- HP is leveraging strong services to ensure that customers that leave Cisco are happy with the decision
VIDEO: HP’s Mike Banic at VMworld discusses how cloud and virtualization impact networking
Juniper and Brocade
Both of these companies are independent providers of full networking offerings from edge to core.
- Similar to Cisco, server partnerships are under pressure
- Juniper still has a strong connection with IBM for core switching. Dell’s Force10 acquisition is expected to impact Juniper sales.
- Brocade is still the market leader in FC with strong server partnerships, but has not gained significant traction with its OEMs with Ethernet (Foundry) solutions
- Both companies are showing strong growth in Ethernet switching with around 2% market share each
- Juniper’s QFabric solution has garnered a lot of buzz in the industry. While the solution clearly articulates the market challenges and lays out a compelling story, it only started shipping this week and therefore it will take time to determine how well the vision translates to the reality of customer environments.
- While Brocade’s VCS fabric architecture has been shipping for over a year and Ethernet sales now account for over a quarter of Brocade’s revenue, the storage (FC) and Ethernet portfolios, customers and sales channels have are don’t intersect as much as might be expected. HP, Cisco and others have integrated FC and Ethernet products more than Brocade.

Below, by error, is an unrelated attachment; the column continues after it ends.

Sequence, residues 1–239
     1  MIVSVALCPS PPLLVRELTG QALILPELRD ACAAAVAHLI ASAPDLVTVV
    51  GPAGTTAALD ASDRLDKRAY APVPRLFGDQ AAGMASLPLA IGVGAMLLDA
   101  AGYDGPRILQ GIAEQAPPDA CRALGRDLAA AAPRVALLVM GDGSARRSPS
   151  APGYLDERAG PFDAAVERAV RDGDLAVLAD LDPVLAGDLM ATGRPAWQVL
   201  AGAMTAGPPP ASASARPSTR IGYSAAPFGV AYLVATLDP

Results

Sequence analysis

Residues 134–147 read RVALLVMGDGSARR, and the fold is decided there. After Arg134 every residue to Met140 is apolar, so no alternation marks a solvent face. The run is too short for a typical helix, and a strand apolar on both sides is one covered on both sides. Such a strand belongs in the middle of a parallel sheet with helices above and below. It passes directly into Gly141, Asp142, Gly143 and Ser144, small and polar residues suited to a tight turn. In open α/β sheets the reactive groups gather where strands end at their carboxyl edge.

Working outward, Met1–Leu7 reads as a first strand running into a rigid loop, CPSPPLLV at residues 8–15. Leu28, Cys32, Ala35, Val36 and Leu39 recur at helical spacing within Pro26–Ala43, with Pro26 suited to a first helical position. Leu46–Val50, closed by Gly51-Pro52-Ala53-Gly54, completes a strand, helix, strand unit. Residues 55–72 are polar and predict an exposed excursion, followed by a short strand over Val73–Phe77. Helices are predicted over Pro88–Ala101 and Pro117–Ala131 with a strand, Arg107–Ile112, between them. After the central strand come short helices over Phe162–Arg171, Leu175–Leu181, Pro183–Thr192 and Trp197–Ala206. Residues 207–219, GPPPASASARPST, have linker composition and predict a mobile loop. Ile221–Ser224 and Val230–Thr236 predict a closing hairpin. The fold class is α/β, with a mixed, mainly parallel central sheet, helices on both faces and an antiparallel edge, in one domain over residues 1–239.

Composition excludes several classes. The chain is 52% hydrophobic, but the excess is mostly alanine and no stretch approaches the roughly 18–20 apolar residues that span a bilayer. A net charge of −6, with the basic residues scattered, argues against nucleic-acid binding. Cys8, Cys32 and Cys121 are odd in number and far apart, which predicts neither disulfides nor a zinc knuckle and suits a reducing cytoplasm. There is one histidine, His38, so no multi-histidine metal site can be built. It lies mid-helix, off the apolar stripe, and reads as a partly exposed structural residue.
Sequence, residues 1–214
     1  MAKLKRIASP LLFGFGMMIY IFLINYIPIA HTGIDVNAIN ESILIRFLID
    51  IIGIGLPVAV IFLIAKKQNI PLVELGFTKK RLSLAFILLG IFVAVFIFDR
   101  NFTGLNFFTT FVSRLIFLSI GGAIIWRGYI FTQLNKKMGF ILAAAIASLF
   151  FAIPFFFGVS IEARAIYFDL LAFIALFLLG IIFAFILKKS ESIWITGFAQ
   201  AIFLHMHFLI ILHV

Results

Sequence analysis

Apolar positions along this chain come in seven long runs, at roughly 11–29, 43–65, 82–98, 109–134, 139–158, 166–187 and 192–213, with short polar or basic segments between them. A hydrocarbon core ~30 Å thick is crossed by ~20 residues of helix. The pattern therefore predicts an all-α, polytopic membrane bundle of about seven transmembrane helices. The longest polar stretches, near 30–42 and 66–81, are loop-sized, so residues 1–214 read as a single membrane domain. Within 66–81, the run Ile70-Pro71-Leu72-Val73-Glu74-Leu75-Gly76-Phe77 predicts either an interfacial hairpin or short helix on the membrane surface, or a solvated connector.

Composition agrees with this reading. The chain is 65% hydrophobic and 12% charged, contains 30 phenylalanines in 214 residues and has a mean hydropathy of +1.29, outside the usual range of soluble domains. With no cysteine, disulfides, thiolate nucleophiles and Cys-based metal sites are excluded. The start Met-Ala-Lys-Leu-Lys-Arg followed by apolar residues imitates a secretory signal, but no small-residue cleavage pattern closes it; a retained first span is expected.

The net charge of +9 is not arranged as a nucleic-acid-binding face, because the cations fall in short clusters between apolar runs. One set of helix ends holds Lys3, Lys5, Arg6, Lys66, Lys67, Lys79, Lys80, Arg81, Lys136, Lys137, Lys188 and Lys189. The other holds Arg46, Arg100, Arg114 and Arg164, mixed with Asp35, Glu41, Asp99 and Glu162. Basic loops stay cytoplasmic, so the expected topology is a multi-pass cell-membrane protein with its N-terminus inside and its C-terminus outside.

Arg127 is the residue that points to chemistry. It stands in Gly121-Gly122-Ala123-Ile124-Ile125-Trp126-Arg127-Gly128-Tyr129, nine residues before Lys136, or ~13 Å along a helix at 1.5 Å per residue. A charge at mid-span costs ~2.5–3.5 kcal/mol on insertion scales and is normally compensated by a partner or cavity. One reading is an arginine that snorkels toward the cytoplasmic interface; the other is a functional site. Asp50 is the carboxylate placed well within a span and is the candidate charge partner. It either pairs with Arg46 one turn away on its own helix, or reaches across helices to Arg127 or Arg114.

VIDEO: Brocade CEO Michael Klayko at EMC World discussing the FC/Ethernet dynamic.
VIDEO: Juniper’s Abner Germanow at VMworld discussing the changing dynamic of the networking marketplace.
It a bit odd that Gartner lists a number of smaller players, but Arista does not make the list. In general conversations at VMworld, I heard from both customers and channel partners that Arista is gaining traction.
- Arista’s products have a good mix of high performance, programmability, virtualization affinity and low cost
- While Arista is similar to Brocade and Juniper that it is not being delivered in server converged environments, Arista’s go-to-market goes after Cisco’s traditional channel model.